During the high-tech bubble’s blow-off, and incredibly during the entire period of the mortgage bubble (2001-07), the Federal Reserve monetized just $2.98 billion dollars of Treasury debt per monthThen, when Bear Stearns and other influential NY banks’ portfolio of sub-prime mortgage “assets” became undeniably toxic in 2008, the Federal Reserve began swapping their US Treasury monetary reserves for Wall Street’s garbage mortgages (down spike in box).  Since 2008 the Fed has been monetizing US Treasury debt at the average rate of $50 billion a month.

The monetary data above is never discussed within earshot of the general public, or on CNBC.  Whenever it is discussed in academia it’s with a cold clinical tone so as not to hint at the criminality of the Federal Reserve.  The entire national debt was only $2.9 billion (yes billion) dollars when the Federal Reserve was first created by act of Congress in 1913, the same amount Alan Greenspan monetized monthly during the period from 1997 to 2007.

Currently the FOMC isn’t monetizing any of the national debt.  Since early February of this year this lack of demand appears to be having an effect on the Treasury market.  Below is a chart of a now well-seasoned 30 Yr. T-Bond whose weekly closing price and yield I’ve been tracking since it was issued in August 1997.  This bond’s yield has increased by 44 basis points in the past fifteen weeks (red box).  However on Monday of this week this bond closed with its yield up 57 basis points since February, but managed to recover to unchanged for the week by Friday’s close.  If you look closely, you’ll see two little dots in the red box for the price and yield plots to indicate how this bond would have closed had Monday’s values stood for the week.

The point is that ever since the Fed terminated QE in late 2014, the three decade long bull market in Treasury debt has stalled.

Seeing how a 30Yr T-bond matures over the decades is interesting.  However after eighteen years this bond is now behaving more like a 10Yr T-note than a 30Yr T-bond.  So, I also plotted the yield for the longest dated T-Bond below.  Since early February the actual 30Yr T-bond has seen its yield jump by 68 basis points, at week’s close yielding 2.93%.  But by Monday’s close it was yielding 3.03%, a one day gain of 13 basis points from last Friday’s close.  As above, I have included a dot to show where the yield closed on Monday.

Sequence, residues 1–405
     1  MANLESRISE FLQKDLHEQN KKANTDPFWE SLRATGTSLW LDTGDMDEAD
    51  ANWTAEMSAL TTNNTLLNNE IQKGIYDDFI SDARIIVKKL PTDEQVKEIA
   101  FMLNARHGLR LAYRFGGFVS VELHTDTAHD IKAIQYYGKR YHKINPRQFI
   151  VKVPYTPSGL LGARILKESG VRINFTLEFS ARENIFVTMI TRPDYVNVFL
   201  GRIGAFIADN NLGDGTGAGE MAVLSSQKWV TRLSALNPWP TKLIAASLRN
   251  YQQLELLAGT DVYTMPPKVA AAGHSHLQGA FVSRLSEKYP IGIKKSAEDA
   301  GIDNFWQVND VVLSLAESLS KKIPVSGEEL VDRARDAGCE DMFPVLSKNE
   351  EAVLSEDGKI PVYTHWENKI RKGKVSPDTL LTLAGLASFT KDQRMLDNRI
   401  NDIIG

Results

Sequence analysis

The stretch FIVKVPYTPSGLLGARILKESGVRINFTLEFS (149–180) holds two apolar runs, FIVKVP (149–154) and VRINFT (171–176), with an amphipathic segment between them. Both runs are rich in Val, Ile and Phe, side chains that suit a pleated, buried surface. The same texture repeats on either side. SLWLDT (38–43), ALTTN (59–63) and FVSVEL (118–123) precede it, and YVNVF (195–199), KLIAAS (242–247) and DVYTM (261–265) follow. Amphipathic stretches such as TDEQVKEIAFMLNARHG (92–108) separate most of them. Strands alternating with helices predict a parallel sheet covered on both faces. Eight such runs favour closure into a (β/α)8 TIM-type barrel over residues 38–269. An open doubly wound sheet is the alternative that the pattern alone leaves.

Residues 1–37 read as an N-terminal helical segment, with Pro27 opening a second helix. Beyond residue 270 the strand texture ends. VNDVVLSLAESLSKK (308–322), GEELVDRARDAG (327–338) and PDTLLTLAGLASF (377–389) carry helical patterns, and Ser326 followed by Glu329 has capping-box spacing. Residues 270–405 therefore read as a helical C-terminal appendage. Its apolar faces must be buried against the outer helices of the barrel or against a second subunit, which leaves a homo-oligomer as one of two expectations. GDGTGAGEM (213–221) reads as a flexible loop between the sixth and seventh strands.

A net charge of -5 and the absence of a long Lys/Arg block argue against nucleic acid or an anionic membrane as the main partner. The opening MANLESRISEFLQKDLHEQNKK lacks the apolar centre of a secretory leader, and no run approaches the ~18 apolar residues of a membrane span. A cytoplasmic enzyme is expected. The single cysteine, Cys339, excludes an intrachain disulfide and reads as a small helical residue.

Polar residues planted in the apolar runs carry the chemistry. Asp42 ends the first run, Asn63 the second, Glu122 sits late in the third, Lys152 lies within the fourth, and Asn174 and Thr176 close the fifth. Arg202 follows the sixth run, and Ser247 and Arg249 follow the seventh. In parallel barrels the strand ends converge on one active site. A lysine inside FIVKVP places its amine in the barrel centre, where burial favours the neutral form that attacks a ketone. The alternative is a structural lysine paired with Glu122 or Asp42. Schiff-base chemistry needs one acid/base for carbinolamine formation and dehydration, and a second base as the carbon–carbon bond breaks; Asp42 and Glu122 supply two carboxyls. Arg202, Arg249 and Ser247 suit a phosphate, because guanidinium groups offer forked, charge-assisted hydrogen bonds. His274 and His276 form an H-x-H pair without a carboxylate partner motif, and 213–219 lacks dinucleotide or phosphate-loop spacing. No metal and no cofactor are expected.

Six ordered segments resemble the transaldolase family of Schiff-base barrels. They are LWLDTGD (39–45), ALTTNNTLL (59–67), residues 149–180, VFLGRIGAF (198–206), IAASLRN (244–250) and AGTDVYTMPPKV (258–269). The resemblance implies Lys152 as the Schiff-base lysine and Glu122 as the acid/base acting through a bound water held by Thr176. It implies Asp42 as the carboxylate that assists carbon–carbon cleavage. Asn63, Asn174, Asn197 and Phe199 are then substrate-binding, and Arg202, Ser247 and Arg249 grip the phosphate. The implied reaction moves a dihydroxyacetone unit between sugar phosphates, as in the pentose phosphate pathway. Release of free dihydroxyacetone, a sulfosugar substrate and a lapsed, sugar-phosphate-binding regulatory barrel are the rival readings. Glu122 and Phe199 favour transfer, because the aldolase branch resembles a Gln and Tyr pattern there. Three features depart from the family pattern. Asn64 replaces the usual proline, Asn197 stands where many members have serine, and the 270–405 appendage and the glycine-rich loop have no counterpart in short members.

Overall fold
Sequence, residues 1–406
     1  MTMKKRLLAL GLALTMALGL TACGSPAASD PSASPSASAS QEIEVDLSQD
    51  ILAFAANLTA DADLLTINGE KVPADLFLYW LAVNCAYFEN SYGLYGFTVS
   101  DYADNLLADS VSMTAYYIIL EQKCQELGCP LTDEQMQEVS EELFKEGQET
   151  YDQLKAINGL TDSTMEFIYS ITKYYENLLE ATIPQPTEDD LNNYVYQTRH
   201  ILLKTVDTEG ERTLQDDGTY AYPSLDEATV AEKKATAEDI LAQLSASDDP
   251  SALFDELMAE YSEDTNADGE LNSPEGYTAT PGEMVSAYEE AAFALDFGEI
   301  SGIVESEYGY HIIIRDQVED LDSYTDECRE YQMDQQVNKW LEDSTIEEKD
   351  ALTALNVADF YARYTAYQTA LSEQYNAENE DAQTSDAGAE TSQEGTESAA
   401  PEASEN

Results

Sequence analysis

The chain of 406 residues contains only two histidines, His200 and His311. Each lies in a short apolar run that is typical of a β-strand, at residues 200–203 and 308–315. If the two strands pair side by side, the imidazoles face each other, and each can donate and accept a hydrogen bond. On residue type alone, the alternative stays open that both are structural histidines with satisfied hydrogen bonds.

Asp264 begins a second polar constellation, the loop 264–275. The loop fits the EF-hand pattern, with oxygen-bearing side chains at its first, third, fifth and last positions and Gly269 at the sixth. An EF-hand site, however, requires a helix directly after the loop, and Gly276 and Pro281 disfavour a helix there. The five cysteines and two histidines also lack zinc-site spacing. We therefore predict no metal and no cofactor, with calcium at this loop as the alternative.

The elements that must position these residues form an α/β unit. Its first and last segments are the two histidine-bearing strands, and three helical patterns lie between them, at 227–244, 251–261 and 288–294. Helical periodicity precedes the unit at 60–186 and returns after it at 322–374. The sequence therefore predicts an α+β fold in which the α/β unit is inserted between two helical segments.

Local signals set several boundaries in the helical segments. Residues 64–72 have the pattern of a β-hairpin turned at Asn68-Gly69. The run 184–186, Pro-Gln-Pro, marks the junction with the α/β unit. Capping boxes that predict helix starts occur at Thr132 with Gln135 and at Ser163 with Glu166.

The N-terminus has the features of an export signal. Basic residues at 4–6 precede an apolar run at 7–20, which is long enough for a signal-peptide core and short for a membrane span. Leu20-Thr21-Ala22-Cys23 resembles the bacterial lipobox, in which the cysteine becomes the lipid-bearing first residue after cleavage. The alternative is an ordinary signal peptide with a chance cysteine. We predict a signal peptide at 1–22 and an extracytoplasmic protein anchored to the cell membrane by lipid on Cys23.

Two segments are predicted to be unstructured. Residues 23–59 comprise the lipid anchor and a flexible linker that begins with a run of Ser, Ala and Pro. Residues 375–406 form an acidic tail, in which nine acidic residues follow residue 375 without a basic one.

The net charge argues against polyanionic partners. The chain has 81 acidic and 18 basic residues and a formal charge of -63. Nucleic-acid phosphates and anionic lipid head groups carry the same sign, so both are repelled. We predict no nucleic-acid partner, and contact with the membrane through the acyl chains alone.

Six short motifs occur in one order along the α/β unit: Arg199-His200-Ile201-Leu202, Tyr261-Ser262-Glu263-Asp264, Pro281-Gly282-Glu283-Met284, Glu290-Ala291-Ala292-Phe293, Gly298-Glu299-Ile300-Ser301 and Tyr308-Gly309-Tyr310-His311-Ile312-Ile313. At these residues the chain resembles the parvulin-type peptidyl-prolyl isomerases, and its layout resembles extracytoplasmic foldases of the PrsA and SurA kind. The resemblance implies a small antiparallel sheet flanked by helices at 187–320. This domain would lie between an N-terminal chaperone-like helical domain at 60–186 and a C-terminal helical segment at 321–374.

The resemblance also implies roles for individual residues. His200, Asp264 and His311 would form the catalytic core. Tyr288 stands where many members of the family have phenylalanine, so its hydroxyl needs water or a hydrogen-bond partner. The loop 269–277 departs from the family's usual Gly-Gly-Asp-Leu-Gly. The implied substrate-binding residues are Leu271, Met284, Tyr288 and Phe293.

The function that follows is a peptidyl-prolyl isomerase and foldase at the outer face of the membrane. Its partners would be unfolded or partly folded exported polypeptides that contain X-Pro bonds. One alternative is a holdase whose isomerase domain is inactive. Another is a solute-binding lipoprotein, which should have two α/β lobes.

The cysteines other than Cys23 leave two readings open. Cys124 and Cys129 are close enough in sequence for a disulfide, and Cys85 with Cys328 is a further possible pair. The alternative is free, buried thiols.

If this trend of rising yields continues, the response by the idiot-savants managing “monetary policy” at the Federal Reserve will be interesting.  Will the Fed stand clear and allow the bond market’s natural market forces to determine prices and yields in the T-bond market?  NOT LIKELY!  When the 30Yr bond’s yield approaches its levels of February 2011 (4.50%), (or maybe just 3.90% last seen in January 2014), I expect a fourth round of QE for the simple reason that the US government won’t be able to service the additional interest burden on its $18.15 trillion dollars of existing debt as current debt instruments continually come due and must be rolled over at higher rates.  This problem will be exacerbated by the increased weighting of short term and very short term US Treasury debt on the Fed’s balance sheet (thanks to Operation Twist).

Europe too, is having problems with sovereign debt, problems that began in 1993 with the establishment of the Maastricht Treaty’s economic requirements.  The goals were good, but unfortunately countries like Greece and Italy achieved them with help of OTC derivatives sold to them by Wall Street hucksters back in the 1990s.  At the time these quick fixes seemed to work for Italy.  At least its bond yields improved from junk to investment grade between 1995 and 99 (Blue Plot below), if not Italy’s actual credit quality.   For the EU’s “policy makers” in Brussels, seeing the bond market show its approval of member nations’ fiscal affairs was sufficient to justify inflicting the euro on an unsuspecting world.  

Back in the early years of the 21st century it was exciting to ponder the possibilities of the European Union which miraculously made it possible for little Greece to issue bonds as strong as Germany’sIn fact, ten years ago everyone believed that Germany would be the guarantor of the euro; but that was ten years ago.

Above and below we see two examples of European sovereign debt; Italian and German.  We live in a world where it’s become impossible for the aged and infirm to find a safe source of income.  That’s because central banks are continually monetizing their country’s national debt, purchasing sovereign bonds at prices far above their fair market value in a vain effort to save their country’s banking systems and politicians’ careers.  Look how far government bond yields have declined over the past twenty-two years; US T-debt yields as well.  For the past few weeks, however, Italian and German (and many others) bonds yields have reversed and started climbing.  Obviously Europe’s central banks have also stopped monetizing their sovereign debt, at least for now.